Frontotemporal dementia due To C9ORF72 mutations clinical and imaging features

Sharon J. Sha, Leonel T. Takada, Katherine P. Rankin, Jennifer S. Yokoyama, Nicola J. Rutherford, Jamie C. Fong, Baber Khan, Anna Karydas, Matt C. Baker, Mariely De Jesus-Hernandez, Mochtar Pribadi, Giovanni Coppola, Daniel H. Geschwind, Rosa Rademakers, Suzee E. Lee, William Seeley, Bruce L. Miller, Adam L. Boxer

Research output: Contribution to journalArticle

117 Scopus citations

Abstract

Objective: To describe the phenotype of patients with C9FTD/ALS (C9ORF72) hexanucleotide repeat expansion. Methods: A total of 648 patients with frontotemporal dementia (FTD)-related clinical diagnoses and Alzheimer disease (AD) dementia were tested for C9ORF72 expansion and 31 carried expanded repeats (C9+). Clinical and neuroimaging data were compared between C9+ (15 behavoral variant FTD [bvFTD], 11 FTD-motor neuron disease [MND], 5 amyotrophic lateral sclerosis [ALS]) and sporadic noncarriers (48 bvFTD, 19 FTD-MND, 6 ALS). Results: All C9+ patients displayed clinical syndromes of bvFTD, ALS, or FTD-MND. At first evaluation, C9+ bvFTD patients had more delusions and greater impairment of working memory, but milder eating dysregulation compared to bvFTD noncarriers. C9 + FTD-MND patients had a trend for longer survival and had an earlier age at onset than FTD-MND noncarriers. Voxel-based morphometry demonstrated more thalamic atrophy in FTD and FTD-MND carriers than in noncarriers. Conclusions: Patients with the C9ORF72 hexanucleotide repeat expansion develop bvFTD, ALS, or FTD-MND with similar clinical and imaging features to sporadic cases. Other FTD spectrum diagnoses and AD dementia appear rare or absent among C9+ individuals. Longer survival in C9+ FTD-MND suggests slower disease progression and thalamic atrophy represents a nove and unexpected feature.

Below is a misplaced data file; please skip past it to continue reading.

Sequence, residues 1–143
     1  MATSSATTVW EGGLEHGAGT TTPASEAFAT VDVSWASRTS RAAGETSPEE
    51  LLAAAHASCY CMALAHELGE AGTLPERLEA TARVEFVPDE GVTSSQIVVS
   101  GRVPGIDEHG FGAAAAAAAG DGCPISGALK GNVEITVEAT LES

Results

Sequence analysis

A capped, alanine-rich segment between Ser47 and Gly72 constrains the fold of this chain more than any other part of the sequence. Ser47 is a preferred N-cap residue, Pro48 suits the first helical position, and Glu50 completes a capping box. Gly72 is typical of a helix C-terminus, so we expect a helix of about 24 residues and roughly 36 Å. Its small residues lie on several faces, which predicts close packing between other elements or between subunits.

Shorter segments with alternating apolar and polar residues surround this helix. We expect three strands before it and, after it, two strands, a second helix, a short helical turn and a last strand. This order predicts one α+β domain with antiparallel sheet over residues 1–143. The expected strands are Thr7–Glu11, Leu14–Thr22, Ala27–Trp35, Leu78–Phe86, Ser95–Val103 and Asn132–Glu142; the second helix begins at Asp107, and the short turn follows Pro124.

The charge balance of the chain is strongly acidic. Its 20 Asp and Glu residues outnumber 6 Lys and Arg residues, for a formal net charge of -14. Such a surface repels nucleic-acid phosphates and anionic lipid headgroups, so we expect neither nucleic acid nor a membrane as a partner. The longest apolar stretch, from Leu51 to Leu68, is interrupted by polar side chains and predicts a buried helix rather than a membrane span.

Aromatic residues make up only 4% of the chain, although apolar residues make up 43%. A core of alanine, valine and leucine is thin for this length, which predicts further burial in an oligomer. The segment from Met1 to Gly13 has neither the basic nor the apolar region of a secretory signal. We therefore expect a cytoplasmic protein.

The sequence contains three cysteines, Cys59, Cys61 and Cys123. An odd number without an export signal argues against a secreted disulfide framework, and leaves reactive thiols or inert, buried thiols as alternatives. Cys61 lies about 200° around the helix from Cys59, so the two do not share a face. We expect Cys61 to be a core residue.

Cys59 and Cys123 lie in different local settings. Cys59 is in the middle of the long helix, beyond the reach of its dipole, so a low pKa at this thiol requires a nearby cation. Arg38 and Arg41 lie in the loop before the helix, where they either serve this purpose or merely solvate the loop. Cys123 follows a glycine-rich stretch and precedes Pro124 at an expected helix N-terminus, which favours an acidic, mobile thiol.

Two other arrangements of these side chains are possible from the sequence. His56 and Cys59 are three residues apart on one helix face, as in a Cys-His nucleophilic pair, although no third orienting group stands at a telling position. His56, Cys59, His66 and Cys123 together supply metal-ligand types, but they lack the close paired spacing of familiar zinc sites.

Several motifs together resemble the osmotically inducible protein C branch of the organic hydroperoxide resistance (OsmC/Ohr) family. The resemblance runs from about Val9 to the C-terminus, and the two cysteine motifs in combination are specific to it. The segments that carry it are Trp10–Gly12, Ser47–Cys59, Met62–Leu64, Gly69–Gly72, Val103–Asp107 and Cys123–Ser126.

Original languageEnglish (US)
Pages (from-to)1002-1011
Number of pages10
JournalNeurology
Volume79
Issue number10
DOIs
StatePublished - Sep 4 2012

ASJC Scopus subject areas

  • Clinical Neurology

Fingerprint Dive into the research topics of 'Frontotemporal dementia due To C9ORF72 mutations clinical and imaging features'. Together they form a unique fingerprint.

  • Cite this

    Sha, S. J., Takada, L. T., Rankin, K. P., Yokoyama, J. S., Rutherford, N. J., Fong, J. C., Khan, B., Karydas, A., Baker, M. C., De Jesus-Hernandez, M., Pribadi, M., Coppola, G., Geschwind, D. H., Rademakers, R., Lee, S. E., Seeley, W., Miller, B. L., & Boxer, A. L. (2012). Frontotemporal dementia due To C9ORF72 mutations clinical and imaging features. Neurology, 79(10), 1002-1011. https://doi.org/10.1212/WNL.0b013e318268452e